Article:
I can't afford health care coverage. What happens to me?

Under the Senate bill, if you make up to 133 percent of the poverty level, or $29,327 for a family of four, you would be eligible for Medicaid, the state-federal program for the poor and disabled. Those making a bit more – 150 percent of the poverty level — would be eligible under the House bill. Both bills would expand Medicaid.

If you aren't eligible for Medicaid, you could be eligible for government subsidies to help buy insurance. Under both the House and Senate bills, the assistance would be made available for people with incomes up to four times the poverty level, or about $88,000 for a family of four.

The subsidies would kick in once premiums exceed a certain percentage of annual incomes. That threshold would be on a sliding scale, with people at higher incomes expected to pay 12 percent of their incomes for insurance under the House bill and 9.8 percent under the Senate bill. But those thresholds would rise in future years if premiums grew faster than incomes—a likely scenario that would result in smaller subsidies down the line.

These subsidies aren't available if your employer provides coverage — except if your company expects you to pay a very large portion of the premiums. In that case, you can forgo your employer's coverage, buy insurance directly and be eligible for subsidies.

Would the health bills reduce my out-of-pocket costs?

The legislation provides new protections. Under both the House and Senate bills, for example, insurers could no longer impose annual or lifetime limits. In addition, under the House bill, individuals wouldn't pay more than $5,000 a year for deductibles and co-insurance. Families would have a $10,000 limit. The Senate bill sets higher limits. How much so won't be clear for a few years, but if the law were in place today, the caps would be $5,950 for individuals and $11,900 for families. Under both bills, out-of-pocket costs would be set lower for most people who qualify for government premium subsidies.

The bottom line: If you have exorbitant medical expenses now, you will probably pay less in out-of-pocket costs under the legislation. But if you shell out a few thousand dollars a year and don't qualify for government help, your out-of-pocket costs might not change under either bill.

I can't get insurance now because I have a pre-existing condition. Would that change?

Yes. Both bills would stop insurers from rejecting applicants with medical conditions once the exchanges are operational — 2013 in the House bill and 2014 in the Senate version. The House bill creates a temporary high-risk pool that would start immediately for people who have been rejected for coverage and others with pre-existing medical conditions.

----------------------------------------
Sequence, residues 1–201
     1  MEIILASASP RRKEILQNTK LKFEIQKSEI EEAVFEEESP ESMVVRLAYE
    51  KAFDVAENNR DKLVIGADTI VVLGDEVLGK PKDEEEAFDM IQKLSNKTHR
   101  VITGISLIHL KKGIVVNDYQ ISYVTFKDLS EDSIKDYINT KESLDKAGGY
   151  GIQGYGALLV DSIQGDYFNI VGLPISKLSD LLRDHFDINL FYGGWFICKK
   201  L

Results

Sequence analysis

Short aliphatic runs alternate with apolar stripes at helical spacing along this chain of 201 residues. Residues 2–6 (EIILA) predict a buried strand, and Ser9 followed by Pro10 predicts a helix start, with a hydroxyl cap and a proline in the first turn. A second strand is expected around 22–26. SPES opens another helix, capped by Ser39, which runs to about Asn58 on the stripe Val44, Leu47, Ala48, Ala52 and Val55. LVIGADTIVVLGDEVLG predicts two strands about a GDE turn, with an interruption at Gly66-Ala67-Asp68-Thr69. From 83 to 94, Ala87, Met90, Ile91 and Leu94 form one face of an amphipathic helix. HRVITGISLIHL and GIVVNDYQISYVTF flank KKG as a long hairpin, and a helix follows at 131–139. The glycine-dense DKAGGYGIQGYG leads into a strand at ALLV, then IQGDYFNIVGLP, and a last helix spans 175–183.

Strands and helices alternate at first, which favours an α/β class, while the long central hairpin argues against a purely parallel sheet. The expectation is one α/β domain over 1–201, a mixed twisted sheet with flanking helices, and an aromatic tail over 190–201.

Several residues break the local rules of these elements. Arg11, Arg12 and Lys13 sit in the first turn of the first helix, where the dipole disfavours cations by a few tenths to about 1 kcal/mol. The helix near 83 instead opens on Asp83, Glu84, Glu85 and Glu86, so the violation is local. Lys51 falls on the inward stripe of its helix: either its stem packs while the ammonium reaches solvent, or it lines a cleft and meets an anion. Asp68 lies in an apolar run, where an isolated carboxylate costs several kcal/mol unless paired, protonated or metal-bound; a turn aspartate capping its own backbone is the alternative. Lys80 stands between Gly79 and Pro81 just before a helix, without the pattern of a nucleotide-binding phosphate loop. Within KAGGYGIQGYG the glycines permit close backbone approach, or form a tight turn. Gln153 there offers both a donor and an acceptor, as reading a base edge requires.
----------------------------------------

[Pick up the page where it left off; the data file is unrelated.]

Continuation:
It would also immediately shorten the time — from a year to three months — that insurers could exclude coverage of certain pre-existing medical conditions under group policies. Both bills would also bar insurers from retroactively canceling policies of individuals who fall ill with costly conditions for reasons other than fraud.

My current insurance doesn't cover certain conditions. Would this change?

New policies sold through the exchange must cover a range of benefits, including hospitalization, doctor visits, prescription drugs, maternity care and certain preventive tests. Some of those benefits may not be included in policies currently purchased by some individuals and small businesses.

I'm over 65. How would the legislation affect seniors?

Under both bills, government payments to Medicare Advantage, the private-plan part of Medicare, would be cut back. If you are one of the 10 million beneficiaries covered by those private plans, you might lose benefits such as free eyeglasses, hearing aids and gym memberships.

However, both bills would eliminate all Medicare co-payments on preventive services, such as screenings for colon, prostate and breast cancer. In addition, the Medicare prescription drug benefit would be improved under both bills.

The Senate bill would create an independent commission to recommend ways to restrain Medicare spending. The House does not.

Will my taxes go up to pay for this?

It depends how much you earn - both bills would increase taxes for affluent Americans.

To increase coverage and pay for subsidies, the House-passed bill would cost about $1.1 trillion over a decade, while the new Senate bill comes in at $848 billion. The House would impose as much as a 5.4 percent surtax on individuals earning more than $500,000 a year and couples making more than $1 million.

The Senate bill would increase the Medicare payroll tax by 0.5 percent for individuals with annual incomes of over $200,000 and couples earning more than $250,000. It would also tax insurers on health policies with premiums over $8,500 for individuals and $23,000 for families. Some critics of the provision argue that it could some affect middle- and lower-income people with high-value health plans.

This story was produced through collaboration between NPR and Kaiser Health News (KHN), an editorially independent program of the Henry J. Kaiser Family Foundation, a nonpartisan health-care policy research organization. The Kaiser Family Foundation is not affiliated with Kaiser Permanente.

Comments

 

Please keep your community civil. All comments must follow the NPR.org Community rules and terms of use, and will be moderated prior to posting. NPR reserves the right to use the comments we receive, in whole or in part, and to use the commenter's name and location, in any medium. See also the Terms of Use, Privacy Policy and Community FAQ.